We study the dynamical interactions of mass systems in equilibrium under their own gravity that mutually exert and experience gravitational forces. The method we employ is to model the dynamical evolution of two isolated bars, hosted within the same galactic system, under their mutual gravitational interaction. In this study we present an analytical treatment of the secular evolution of two bars that oscillate with respect one another. Two cases of interaction, with and without geometrical deformation, are discussed. In the latter case, the bars are described as modified Jacobi ellipsoids. These triaxial systems are formed by a rotating fluid mass in gravitational equilibrium with its own rotational velocity and the gravitational field of the other bar. The governing equation for the variation of their relative angular separation is then numerically integrated, which also provides the time evolution of the geometrical parameters of the bodies. The case of rigid, non-deformable, bars produces in some cases an ...

  15. Dark Matter Superfluidity and Galactic Dynamics

    CERN Document Server

    Berezhiani, Lasha

    2015-01-01

    We propose a unified framework that reconciles the stunning success of MOND on galactic scales with the triumph of the LambdaCDM model on cosmological scales. This is achieved through the physics of superfluidity. Dark matter consists of self-interacting axion-like particles that thermalize and condense to form a superfluid in galaxies, with ~mK critical temperature. The superfluid phonons mediate a MOND acceleration on baryonic matter. Our framework naturally distinguishes between galaxies (where MOND is successful) and galaxy clusters (where MOND is not): dark matter has a higher temperature in clusters, and hence is in a mixture of superfluid and normal phase. The rich and well-studied physics of superfluidity leads to a number of striking observational signatures.

  16. Active Galactic Nuclei Feedback and Clusters

    Indian Academy of Sciences (India)

    Biman B. Nath

    2011-12-01

    The Intracluster Medium (ICM) is believed to have been affected by feedback from Active Galactic Nuclei (AGN) and/or supernovae-driven winds. These sources are supposed to have injected entropy into the ICM gas. The recently determined universal pressure profile of the ICM gas has been used and after comparing with the entropy profile of the gas from gravitational effects of the dark matter halo, the additional entropy injected by non-gravitational sources, as a function of the total cluster mass is determined. The current observational data of red-shift evolution of cluster scaling relation is shown that allow models in which the entropy injection decreases at high red-shift.

  17. Correlations of Active Galactic Nuclei with Microquasars

    Institute of Scientific and Technical Information of China (English)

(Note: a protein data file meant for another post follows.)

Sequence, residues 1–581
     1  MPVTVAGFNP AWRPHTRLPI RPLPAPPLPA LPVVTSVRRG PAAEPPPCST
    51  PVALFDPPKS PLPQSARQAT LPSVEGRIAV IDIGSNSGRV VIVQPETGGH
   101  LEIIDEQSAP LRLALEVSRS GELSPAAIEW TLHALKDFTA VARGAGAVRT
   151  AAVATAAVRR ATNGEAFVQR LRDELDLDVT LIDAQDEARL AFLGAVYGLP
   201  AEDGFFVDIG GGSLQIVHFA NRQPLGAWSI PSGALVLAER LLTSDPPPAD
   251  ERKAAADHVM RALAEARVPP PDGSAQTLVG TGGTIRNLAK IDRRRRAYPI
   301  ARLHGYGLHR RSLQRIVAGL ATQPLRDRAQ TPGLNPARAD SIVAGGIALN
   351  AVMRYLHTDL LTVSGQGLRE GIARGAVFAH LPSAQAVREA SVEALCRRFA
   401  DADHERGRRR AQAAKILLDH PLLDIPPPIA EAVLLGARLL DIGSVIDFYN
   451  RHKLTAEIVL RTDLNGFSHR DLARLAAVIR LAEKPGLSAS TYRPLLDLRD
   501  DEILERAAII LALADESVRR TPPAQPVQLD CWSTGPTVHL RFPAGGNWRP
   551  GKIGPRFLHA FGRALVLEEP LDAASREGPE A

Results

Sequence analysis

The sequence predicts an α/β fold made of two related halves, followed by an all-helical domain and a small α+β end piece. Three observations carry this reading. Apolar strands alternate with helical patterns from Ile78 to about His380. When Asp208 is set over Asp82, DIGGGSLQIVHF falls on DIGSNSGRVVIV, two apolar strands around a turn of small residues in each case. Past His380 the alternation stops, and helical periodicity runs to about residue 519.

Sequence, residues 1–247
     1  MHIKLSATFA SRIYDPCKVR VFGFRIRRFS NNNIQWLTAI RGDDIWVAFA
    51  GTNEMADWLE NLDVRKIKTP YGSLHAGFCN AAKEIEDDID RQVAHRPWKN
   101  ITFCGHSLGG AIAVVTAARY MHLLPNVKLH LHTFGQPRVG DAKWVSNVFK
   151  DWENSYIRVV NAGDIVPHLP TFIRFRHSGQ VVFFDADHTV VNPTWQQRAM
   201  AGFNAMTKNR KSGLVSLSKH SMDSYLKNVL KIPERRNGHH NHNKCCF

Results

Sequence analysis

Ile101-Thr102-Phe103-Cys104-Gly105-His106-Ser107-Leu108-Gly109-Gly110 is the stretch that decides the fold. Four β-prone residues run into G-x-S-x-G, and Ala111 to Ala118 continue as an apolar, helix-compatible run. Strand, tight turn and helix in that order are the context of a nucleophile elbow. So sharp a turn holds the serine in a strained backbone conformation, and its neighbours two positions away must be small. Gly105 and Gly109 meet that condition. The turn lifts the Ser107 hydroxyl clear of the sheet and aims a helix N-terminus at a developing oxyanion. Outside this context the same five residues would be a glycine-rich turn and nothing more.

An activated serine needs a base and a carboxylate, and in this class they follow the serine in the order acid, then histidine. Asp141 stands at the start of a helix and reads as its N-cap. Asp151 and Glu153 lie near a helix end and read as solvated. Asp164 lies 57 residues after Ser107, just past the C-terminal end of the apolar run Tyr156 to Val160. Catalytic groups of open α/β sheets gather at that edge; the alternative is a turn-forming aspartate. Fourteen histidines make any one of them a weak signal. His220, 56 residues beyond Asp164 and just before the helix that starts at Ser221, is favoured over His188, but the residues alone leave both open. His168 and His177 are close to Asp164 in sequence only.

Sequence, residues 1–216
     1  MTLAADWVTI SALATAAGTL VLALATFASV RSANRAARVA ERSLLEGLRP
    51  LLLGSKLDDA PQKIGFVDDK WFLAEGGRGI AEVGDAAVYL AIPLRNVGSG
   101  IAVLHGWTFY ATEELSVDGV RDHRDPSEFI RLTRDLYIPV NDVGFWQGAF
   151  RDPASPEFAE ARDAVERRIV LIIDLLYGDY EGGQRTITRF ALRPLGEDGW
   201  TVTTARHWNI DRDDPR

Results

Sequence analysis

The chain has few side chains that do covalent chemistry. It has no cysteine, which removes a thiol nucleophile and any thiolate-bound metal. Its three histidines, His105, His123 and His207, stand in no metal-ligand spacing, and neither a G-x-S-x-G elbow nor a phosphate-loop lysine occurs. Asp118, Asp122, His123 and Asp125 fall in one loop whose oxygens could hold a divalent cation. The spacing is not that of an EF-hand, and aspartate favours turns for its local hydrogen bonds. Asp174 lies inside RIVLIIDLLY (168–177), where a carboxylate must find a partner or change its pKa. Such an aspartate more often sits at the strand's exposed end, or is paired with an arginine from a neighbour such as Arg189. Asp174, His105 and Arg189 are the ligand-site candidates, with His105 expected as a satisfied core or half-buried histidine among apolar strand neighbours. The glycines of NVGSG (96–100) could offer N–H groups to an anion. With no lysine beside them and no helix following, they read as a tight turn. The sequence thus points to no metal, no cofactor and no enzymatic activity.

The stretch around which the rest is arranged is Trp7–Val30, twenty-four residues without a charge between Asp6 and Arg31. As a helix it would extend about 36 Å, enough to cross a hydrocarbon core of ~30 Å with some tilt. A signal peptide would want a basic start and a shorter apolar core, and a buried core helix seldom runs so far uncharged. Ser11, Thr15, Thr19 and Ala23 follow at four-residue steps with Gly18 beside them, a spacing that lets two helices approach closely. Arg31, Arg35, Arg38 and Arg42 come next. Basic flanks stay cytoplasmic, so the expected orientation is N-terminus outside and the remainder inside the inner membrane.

YE Yong-Chun; ZUO Xue-Qin; WANG Ding-Xiong

    2006-01-01

    Correlations of active galactic nuclei (AGNs) with microquasars are discussed based on the coexistence of the Blandford-Znajek (BZ) and magnetic coupling (MC) processes (CEBZMC) in black hole (BH) accretion disk.The proportions of several quantities of BH systems for both AGNs and microquasars are derived by combining the observational data with CEBZMC. It is shown that the square of the magnetic field at the BH horizon is inversely proportional to the BH mass, while the accretion rate of the disk is proportional to the BH mass. In addition, the very steep emissivity indexes from the recent XMM-Newton observations of the nearby bright Seyfert 1 galaxy MCG-6-30-15 and the microquasars XTE J1650-500 are well fitted by considering the MC effects on the disk radiation. These results suggest strongly the correlations of A GNs with microquasars.

  18. Statistical tests of galactic dynamo theory

    CERN Document Server

    Chamandy, Luke; Taylor, A Russ

    2016-01-01

    Mean-field galactic dynamo theory is the leading theory to explain the prevalence of regular magnetic fields in spiral galaxies, but its systematic comparison with observations is still incomplete and fragmentary. Here we compare predictions of mean-field dynamo models to observational data on magnetic pitch angle and the strength of the mean magnetic field. We demonstrate that a standard $\\alpha^2\\Omega$ dynamo model produces pitch angles of the regular magnetic fields of nearby galaxies that are reasonably consistent with available data. The dynamo estimates of the magnetic field strength are generally within a factor of a few of the observational values. Reasonable agreement between theoretical and observed pitch angles generally requires the turbulent correlation time $\\tau$ to be in the range 10-20 Myr, in agreement with standard estimates. Moreover, good agreement also requires that the ratio of the ionized gas scale height to root-mean-square turbulent velocity increases with radius. Our results thus w...

  19. Galactic cold cores. V. Dust opacity

    Science.gov (United States)